So says Max Boot:
I could just imagine an Andrew Sullivan of the 1940’s writing something similar about Harry Truman’s crazy idea to station troops in Germany and Japan without an exit strategy: “In fifty years’ time, the West Germans will not be able to defend themselves against the Soviet Union? Or East Germany? Please.” As it happens, the West Germans wouldn’t have been able to defend themselves against a broad array of enemies without a long-term American troop presence. That presence has served other important goals too, namely reassuring Germany’s neighbors that it would never threaten the peace of Europe again and fostering Germany’s internal democratic development. But just because we’ve had troops in Germany and Japan for 60 yearsand in South Korea for more than 50 yearsdoesn’t mean we’re occupying those countries. We are there are the request of democratically elected governments.
The same is true, whether Klein or Sullivan concede it or not, in the case of Iraq.
The occupation of Iraq is over. Iraq has a sovereign government that, if it so desires, could tell us to get lost, and we would do it. At the moment the Iraqi government is giving us a hard time over the terms of future American commitment, but there is no denying that the government of Iraq does want and need an American troop commitment for the foreseeable future. Granted, the enemies that Iraq faces aren’t as formidable as the enemies that West Germany faced for so many decades, but Al Qaeda, Iran, and its various proxies are dangerous enough, and Iraq isn’t nearly as strong as West Germany was. In fact, Iraq is just now starting to recover from the early stages of a civil wara civil war that would still be consuming countless lives if Sullivan and Klein had had their way and the surge (and related strategy changes) had never occurred.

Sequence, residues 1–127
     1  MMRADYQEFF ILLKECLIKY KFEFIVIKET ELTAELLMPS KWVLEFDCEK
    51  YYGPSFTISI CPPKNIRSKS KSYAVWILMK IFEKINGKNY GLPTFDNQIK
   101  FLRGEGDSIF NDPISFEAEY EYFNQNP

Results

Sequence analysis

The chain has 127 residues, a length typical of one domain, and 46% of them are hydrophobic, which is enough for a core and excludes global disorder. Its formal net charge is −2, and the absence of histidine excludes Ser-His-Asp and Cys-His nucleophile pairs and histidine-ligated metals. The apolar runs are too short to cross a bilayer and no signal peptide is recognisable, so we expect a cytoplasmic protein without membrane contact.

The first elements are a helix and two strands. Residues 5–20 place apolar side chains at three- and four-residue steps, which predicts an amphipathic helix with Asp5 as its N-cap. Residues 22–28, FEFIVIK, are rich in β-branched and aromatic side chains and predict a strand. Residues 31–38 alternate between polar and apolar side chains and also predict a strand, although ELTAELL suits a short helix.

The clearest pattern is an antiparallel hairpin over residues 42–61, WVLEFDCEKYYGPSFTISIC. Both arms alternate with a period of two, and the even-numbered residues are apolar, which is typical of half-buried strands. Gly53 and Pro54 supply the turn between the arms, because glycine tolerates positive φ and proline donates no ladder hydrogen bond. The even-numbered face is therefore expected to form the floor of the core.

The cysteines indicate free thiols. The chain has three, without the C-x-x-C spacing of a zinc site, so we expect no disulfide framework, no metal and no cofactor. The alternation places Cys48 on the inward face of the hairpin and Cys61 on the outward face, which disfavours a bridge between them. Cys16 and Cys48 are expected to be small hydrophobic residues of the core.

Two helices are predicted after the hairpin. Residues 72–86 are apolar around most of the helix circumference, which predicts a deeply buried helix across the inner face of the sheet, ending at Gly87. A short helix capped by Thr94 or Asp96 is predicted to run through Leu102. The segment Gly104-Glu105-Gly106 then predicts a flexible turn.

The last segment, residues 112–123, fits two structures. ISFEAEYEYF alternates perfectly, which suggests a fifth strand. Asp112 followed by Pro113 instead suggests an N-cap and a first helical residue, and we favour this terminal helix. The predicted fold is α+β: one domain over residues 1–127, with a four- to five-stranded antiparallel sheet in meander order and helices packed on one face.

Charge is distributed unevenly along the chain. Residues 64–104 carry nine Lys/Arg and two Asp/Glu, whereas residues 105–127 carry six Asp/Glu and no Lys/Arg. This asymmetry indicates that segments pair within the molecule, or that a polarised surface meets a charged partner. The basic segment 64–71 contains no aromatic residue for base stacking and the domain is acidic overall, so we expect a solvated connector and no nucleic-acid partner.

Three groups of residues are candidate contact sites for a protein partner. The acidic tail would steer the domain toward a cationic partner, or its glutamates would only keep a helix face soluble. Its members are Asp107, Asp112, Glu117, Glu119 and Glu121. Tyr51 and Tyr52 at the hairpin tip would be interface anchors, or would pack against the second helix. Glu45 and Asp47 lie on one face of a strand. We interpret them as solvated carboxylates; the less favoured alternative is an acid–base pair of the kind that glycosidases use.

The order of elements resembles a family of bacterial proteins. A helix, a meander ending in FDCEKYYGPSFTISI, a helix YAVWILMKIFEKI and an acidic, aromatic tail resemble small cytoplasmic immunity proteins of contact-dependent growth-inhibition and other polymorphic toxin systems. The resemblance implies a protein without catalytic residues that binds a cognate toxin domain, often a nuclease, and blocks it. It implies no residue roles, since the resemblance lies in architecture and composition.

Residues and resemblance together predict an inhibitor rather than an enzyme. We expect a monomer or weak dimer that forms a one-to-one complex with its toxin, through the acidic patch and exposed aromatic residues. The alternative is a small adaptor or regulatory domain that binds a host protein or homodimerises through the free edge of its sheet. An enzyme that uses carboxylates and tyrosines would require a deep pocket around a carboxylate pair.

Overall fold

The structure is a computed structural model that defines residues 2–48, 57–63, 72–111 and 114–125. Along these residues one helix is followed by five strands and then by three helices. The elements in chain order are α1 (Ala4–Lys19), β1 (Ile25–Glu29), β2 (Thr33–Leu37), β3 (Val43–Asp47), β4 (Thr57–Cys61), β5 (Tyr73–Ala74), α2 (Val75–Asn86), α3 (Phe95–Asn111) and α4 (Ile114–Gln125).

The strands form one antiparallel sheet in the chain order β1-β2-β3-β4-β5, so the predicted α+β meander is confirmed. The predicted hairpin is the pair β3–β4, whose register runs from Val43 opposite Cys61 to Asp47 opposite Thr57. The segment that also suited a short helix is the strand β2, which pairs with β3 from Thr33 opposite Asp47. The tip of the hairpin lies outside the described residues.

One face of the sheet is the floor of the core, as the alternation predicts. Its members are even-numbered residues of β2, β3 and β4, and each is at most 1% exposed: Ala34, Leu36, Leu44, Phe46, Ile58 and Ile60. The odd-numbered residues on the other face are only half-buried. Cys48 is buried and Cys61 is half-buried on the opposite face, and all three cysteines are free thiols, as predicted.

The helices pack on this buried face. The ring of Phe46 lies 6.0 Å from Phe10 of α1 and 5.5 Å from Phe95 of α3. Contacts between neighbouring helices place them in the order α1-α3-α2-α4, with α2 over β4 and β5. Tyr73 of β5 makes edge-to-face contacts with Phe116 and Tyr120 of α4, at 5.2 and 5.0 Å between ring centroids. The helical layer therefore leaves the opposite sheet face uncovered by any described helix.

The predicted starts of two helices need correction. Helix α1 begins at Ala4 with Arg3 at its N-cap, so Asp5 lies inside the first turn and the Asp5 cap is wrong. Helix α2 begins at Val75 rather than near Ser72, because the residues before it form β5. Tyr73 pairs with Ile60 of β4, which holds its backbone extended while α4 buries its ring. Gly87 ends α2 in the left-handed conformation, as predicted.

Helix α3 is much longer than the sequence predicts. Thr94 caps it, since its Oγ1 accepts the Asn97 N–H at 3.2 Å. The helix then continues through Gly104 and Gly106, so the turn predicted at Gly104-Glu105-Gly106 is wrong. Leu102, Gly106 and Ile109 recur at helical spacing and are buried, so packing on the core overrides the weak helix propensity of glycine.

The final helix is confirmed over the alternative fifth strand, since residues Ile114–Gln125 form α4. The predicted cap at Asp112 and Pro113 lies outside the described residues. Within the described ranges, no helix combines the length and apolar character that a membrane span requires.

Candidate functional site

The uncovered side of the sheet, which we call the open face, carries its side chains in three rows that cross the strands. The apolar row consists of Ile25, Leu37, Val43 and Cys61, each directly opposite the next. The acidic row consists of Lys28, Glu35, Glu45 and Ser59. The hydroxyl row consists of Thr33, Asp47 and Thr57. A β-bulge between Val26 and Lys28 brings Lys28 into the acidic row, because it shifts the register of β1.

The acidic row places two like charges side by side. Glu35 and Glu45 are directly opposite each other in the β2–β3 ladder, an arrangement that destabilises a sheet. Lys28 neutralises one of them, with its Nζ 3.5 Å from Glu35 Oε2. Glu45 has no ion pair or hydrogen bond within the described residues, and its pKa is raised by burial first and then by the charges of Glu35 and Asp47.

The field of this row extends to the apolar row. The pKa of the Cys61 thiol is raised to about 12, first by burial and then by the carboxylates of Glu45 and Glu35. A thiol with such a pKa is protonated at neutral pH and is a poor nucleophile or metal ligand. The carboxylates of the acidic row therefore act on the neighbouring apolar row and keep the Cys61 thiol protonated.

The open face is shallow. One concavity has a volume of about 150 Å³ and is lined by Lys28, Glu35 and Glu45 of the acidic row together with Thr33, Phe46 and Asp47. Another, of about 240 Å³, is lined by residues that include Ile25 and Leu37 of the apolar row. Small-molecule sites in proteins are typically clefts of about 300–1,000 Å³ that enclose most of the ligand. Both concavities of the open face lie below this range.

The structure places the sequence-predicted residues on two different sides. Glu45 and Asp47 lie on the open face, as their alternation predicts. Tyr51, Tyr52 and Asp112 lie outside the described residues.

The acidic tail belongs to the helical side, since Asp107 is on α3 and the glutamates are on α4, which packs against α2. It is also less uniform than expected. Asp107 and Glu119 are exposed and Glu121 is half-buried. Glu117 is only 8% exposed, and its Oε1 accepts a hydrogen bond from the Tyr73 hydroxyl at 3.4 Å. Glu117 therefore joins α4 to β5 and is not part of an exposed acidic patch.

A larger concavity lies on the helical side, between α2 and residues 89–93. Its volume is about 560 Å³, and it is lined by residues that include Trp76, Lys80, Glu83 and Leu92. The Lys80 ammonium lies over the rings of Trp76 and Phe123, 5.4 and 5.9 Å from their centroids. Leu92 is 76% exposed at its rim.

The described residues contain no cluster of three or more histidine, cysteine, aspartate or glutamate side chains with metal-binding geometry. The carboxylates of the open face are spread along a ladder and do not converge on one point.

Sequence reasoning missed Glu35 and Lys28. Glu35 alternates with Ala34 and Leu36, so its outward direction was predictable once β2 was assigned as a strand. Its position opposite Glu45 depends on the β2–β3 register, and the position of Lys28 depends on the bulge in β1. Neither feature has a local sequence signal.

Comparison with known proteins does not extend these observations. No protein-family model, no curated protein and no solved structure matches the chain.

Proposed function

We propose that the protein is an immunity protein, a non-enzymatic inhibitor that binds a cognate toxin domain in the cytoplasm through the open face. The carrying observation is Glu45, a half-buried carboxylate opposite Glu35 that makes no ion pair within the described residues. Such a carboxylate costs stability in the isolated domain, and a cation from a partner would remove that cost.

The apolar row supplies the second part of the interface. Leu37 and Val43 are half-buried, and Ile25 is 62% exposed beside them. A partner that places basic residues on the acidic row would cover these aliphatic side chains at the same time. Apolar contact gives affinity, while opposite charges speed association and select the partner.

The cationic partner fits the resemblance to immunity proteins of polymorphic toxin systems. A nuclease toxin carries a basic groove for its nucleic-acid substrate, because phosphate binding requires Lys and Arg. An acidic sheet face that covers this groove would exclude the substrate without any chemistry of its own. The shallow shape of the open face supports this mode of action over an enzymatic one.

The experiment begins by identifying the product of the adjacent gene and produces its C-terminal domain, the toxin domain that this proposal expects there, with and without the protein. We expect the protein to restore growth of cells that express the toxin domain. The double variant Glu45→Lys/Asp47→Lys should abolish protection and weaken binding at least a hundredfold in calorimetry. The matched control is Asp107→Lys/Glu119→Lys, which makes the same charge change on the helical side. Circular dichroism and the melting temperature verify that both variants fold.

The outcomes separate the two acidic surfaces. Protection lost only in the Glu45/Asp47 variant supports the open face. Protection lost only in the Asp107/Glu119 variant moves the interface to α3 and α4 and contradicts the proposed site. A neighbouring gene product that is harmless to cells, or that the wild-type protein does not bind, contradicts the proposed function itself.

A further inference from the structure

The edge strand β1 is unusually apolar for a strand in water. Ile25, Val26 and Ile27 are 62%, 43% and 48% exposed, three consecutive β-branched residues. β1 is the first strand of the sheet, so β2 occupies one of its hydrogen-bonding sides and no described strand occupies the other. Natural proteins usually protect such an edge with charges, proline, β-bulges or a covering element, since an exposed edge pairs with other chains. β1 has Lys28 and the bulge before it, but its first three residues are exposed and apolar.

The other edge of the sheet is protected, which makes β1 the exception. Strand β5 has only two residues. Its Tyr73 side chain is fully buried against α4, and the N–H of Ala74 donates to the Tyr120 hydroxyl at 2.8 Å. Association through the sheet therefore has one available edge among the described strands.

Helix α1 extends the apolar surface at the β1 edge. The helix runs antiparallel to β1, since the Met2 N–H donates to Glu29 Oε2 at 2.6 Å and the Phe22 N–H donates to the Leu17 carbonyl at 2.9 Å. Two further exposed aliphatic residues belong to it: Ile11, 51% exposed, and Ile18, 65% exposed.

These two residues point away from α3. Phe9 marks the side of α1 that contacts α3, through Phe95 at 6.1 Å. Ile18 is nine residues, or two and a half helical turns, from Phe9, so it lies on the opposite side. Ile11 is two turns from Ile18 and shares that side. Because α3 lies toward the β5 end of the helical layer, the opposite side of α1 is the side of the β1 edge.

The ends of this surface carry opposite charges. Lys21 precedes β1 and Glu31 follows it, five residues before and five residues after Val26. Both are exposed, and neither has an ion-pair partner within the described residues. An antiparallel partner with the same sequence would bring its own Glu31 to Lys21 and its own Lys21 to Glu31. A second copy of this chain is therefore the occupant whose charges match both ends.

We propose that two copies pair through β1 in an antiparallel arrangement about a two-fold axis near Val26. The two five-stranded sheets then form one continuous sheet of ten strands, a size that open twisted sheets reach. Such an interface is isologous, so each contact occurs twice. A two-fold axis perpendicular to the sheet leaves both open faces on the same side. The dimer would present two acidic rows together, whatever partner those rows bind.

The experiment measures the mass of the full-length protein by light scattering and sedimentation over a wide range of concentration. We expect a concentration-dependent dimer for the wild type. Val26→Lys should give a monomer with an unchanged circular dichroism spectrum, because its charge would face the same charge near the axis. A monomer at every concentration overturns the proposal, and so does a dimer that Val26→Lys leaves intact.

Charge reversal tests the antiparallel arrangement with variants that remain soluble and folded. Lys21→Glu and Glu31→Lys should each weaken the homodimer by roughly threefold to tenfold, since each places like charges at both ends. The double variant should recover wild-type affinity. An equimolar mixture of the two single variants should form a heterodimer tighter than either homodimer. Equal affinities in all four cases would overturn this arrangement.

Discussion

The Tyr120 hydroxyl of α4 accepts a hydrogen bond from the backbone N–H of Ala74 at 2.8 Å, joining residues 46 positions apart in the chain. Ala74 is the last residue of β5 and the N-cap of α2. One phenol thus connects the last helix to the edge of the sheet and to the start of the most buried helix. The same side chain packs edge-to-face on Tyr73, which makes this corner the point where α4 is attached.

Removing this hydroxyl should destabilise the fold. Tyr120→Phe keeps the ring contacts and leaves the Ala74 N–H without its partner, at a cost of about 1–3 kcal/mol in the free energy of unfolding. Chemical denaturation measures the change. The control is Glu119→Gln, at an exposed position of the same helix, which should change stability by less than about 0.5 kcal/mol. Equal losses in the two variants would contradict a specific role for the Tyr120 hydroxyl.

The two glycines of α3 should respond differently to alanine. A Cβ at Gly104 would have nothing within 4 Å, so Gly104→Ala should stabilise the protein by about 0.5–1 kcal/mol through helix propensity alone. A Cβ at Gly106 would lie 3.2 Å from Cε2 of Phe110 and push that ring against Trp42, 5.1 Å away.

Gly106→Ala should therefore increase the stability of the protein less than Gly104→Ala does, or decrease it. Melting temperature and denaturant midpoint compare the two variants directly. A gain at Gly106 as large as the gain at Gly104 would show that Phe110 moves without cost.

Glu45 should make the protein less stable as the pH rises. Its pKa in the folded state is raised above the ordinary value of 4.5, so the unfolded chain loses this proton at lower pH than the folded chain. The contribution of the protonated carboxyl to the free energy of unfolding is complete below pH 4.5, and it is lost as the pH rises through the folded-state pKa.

Does Boot really believe that Islam's deep revulsion against foreign rule as a religious outrage, in a time of resurgent Islamic fundamentalism, can be equated with what was left of post-Nazi German nationalism? Is he really saying that Iran has the same relationship to Iraq that the post-war victorious Soviet Union had to devastated West Germany? And does he really believe that Maliki's assent to continued occupation is freely given, when Maliki's ascent is entirely a function of that occupation, and when the Americans are helping him temporarily dispatch his Shiite rivals? The Middle East is not Europe, guys. Maybe the Israelis could set you straight on that.
Look: arguments about motives will never end. I can't speak for Joe, but I obviously feel somewhat shafted by some neocon arguments before the war - arguments that I took in good faith and now suspect were made in bad. Nonetheless, we now have a choice. Having removed Saddam, and set up a rough-and-ready form of government in Iraq, is it our goal now to leave as soon as we responsibly can or is it to stay indefinitely in a beachhead of American power in the center of the Middle East?
I vote for the former. Max Boot wants the latter. Obama and McCain divide on exactly these lines. Kinda convenient we have an election coming, isn't it?